WHAT IS THE DEFINITION OF A RESORT? DEFINING A RESORT'S MARKET PRECEDES THE DEFINITION OF THE PRODUCT OR DOES IT? BOTH OF THEM ARE LIKE ROCKET SCIENCE.
If you ask that customer what he is looking for, he will give you a description of an old, obsolete model. Take my advice! Do not listen to the customer. The customer is always wrong!
Now, the real work starts!!
Does a rocket scientist ask the space passenger how the space ship should be built?
Imagining a product that will appeal to tomorrow's resort customer is what Steve Jobs, Kemmons Wilson, Conrad Hilton & Steve Wynn did for their products. Building your product based on the last model is moving backwards. Asking the Commodore 64 customer what he wants in his computer does not lead you to today's Mac or PC.
And where do the old resorts go? What happens to the really good ones? Do the classics from the 50s and 60s survive or do they become old folks' homes or hospitals? What made the really really great ones great? Do you remember Frenchman's Cove in Port Antonio Jamaica? How about Jumby Bay in Antigua? Both were 'culinarily superb' all-inclusive before 'all inclusive' was a dirty word. No telephones, no TV, croquet and bicycles instead of golf carts, beachfront help yourself Champagne and Princess Di's ex-chef. Then there was the Kahala Hilton in Hawaii, do you know why they were so special? They called it JIT. They specifically hired inexperienced employees with great attitude. How about Gstaad in Switzerland? There they had the Palace, and several more. In Villars sur Ollon (see below), there was architectural stature, grace and arrogance. They have since ditched the last two!!
How about some from my own background. Well, here are some examples from my career, in order of appearance.
- Grand Hotel Eastbourne. Staid, elegant.....Lionel Jeffries and his Palm Court Orchestra for tea in the afternoons. Butlers, starched serviettes and a grand-piano shaped pool. Still going! http://www.grandeastbourne.com/. Staid is not good. Elegant is still good, but does it work in resorts?
- Villars Palace, Switzerland, Elegant, formal but ski-to, with horse back riding, tennis and scintillating views. White tablecloth dining and a waiter count of 37 full-time professionals, 36 from Italy and me. Now an 'all-inclusive Club Med http://www.clubmed.ca/cm/resort-villars-sur-ollon-switzerland_p-61-l-US-v-VSOC-ac-vh.html. Elegant is 'passee' in the mountains but still good at the beach..........in the evenings.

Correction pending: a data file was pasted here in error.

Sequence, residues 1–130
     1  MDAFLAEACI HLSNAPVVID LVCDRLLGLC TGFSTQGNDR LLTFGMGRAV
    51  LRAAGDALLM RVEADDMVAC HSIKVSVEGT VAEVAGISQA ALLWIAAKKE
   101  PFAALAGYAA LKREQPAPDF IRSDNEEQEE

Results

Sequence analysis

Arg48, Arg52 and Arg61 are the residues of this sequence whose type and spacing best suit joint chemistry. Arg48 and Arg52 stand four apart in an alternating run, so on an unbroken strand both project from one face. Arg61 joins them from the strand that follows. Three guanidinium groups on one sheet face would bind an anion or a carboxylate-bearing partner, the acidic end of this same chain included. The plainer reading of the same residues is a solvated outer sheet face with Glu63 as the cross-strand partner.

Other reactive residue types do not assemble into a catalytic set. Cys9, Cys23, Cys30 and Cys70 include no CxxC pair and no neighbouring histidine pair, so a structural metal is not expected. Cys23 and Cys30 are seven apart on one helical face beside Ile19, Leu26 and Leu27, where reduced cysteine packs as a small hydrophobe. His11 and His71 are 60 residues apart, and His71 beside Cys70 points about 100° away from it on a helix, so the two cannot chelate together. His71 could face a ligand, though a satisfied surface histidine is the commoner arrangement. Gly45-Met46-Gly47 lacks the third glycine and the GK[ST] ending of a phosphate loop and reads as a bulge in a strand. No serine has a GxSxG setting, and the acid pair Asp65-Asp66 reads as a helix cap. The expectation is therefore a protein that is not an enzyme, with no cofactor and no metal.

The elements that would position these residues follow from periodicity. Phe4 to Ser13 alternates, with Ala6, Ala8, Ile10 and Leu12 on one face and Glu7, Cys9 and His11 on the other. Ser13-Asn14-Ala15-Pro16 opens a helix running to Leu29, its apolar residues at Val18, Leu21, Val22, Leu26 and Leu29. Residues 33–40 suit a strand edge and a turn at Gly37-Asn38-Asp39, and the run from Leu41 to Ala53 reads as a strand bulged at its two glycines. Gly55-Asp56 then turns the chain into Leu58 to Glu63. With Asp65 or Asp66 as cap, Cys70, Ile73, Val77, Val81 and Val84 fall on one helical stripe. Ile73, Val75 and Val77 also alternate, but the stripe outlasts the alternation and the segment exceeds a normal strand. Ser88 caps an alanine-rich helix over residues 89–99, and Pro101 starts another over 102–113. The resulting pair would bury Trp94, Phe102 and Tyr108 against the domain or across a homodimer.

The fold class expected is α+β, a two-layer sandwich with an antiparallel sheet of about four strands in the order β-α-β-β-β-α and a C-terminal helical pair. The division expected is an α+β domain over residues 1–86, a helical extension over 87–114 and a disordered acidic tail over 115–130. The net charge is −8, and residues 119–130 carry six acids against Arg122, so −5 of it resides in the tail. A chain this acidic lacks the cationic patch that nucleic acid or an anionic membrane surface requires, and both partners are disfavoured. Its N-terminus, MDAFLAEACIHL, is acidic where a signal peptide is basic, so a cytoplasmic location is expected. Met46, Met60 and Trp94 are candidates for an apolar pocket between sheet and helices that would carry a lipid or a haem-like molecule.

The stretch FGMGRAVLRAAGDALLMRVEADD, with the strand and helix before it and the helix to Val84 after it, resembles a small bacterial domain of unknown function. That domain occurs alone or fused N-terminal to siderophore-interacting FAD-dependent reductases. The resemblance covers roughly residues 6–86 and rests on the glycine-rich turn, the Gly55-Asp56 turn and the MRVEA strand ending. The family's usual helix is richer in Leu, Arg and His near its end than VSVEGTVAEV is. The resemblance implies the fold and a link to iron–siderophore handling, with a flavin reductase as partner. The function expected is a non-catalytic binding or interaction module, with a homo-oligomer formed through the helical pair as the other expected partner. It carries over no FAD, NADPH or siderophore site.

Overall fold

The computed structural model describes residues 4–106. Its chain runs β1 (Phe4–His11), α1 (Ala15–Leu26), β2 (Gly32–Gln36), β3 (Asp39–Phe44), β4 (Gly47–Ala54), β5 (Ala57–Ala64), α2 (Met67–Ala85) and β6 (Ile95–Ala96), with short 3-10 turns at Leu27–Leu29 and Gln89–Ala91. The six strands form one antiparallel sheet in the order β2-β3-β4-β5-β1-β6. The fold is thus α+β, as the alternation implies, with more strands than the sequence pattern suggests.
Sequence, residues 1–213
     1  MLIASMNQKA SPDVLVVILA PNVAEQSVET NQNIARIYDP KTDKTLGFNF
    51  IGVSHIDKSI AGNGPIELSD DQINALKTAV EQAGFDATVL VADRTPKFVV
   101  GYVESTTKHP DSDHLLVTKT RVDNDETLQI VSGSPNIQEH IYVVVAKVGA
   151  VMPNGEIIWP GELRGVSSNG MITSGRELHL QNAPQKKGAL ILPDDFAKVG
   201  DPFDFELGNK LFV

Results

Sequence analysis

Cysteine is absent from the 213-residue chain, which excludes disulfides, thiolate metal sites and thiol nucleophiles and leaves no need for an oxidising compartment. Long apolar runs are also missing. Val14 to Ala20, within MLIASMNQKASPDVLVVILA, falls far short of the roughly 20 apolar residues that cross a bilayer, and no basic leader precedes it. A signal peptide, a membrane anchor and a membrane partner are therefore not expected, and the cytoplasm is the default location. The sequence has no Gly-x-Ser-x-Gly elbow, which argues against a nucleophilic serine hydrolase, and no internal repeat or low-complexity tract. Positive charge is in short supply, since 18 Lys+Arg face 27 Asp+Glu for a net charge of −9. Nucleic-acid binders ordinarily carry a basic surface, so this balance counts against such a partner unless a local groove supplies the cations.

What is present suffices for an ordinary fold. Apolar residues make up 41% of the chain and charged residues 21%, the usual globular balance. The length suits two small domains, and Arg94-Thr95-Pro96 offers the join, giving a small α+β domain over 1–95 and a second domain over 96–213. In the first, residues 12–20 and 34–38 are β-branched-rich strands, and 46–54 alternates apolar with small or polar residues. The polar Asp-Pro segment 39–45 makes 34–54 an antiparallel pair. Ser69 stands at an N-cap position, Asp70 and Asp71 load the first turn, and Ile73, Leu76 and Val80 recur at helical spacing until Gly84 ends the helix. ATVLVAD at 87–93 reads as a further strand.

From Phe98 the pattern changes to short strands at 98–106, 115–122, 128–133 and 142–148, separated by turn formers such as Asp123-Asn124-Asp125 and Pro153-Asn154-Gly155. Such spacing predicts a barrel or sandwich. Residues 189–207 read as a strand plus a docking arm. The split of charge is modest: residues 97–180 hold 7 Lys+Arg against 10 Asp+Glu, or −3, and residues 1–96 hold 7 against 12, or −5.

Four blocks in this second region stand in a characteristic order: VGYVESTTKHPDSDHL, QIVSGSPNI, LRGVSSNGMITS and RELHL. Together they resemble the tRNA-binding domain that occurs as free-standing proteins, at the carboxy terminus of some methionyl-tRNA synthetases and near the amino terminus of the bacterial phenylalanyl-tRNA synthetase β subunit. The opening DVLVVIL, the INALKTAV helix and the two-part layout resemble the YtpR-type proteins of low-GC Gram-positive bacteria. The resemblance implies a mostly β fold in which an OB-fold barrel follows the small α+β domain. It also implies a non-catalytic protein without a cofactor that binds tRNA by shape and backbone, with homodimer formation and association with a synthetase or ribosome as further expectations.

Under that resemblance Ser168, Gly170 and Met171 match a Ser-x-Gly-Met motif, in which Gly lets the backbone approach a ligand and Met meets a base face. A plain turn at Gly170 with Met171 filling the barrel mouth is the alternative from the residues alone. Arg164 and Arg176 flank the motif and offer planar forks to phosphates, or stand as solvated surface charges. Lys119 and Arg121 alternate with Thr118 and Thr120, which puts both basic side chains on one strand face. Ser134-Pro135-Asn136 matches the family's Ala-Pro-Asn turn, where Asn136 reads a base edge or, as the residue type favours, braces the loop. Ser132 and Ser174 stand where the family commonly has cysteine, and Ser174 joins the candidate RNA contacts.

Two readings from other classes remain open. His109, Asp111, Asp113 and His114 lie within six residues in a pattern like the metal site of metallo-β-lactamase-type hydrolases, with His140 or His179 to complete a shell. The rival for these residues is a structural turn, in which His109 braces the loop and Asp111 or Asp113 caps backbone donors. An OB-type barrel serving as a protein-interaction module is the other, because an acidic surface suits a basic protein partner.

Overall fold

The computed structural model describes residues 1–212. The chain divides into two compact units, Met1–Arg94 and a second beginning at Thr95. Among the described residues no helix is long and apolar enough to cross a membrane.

- Woolacombe Bay Hotel, Devon, England. Ballroom with sprung floors. Dining room with two sittings. Horseback riding on a spectacular rolling hills and unspoiled beachfront property. Peter Sellers choice for a brief holiday with his Mum......and her chauffeur. Still chugging along but upgraded....with a sprung ballroom floor!! http://www.woolacombe-bay-hotel.co.uk/. Unspoiled beachfront with rolling hills is still good. Sprung floors is overkill! Horseback riding is good. Memo to self. Make sure stables are downwind.
- Jamaica Hilton, Ocho Rios, Jamaica. Modified American Plan...... a full social program from dawn to sunset, European department heads and bulging at the seams. Harry Belafonte and Martin Luther King. Coral reefs & crystal clear Caribbean waters good, European department heads inappropriate. Now the Jewel Dunns River Beach Resort and Spa , all inclusive. http://www.jeweldunnsriverresort.com/. Crystal clear waters still good. European department heads good........in Europe!
- Curacao Hilton. Willemstad. A classic 23 acre Hilton resort with a creative beach, successful casino and junkets with a huge entertainment budget and a great Indonesian rijstaffel buffet. Casino run by Bud Sweet and John Scarne (and me). Still operating successfully.
- http://www1.hilton.com/en_US/hi/hotel/CURHIHH-Hilton-Curacao/index.do Huge entertainment budget works and an authentic rijstaffel is always good. Creative beach is good...........natural beach is better. Local food specialities are really hot.
- Mont Gabriel Lodge. Forty five minutes north of Montreal, this ski and golf log cabin resort with blazing fireplaces and hearty fare was the epitome of a Quebec hostelry for families, lovers and business groups. A world class centre for acrobatic skiing now anchors this resort as an ideal second home for the energetic set http://www.montgabriel.com/. World class is always good and chalet living in a ski resort within commuting distance to Montreal is a winner.
- Algonquin Hotel, St Andrews, New Brunswick. Iconic railway hotel with 18 hole golf course with a greenskeeper from St Andrews, Scotland...... priceless. Fresh all you can eat lobster.........MMMM! Tea and crumpets for the older crowd. Passamaquoddy Bay views spectacular. Owned at the time by Lady Beaverbrook and Murray Vaughan. Mmmmm, those were the days.The village of St Andrews...very special http://www.fairmont.com/algonquin. It's worked for over 100 years, why stop now! Iconic works.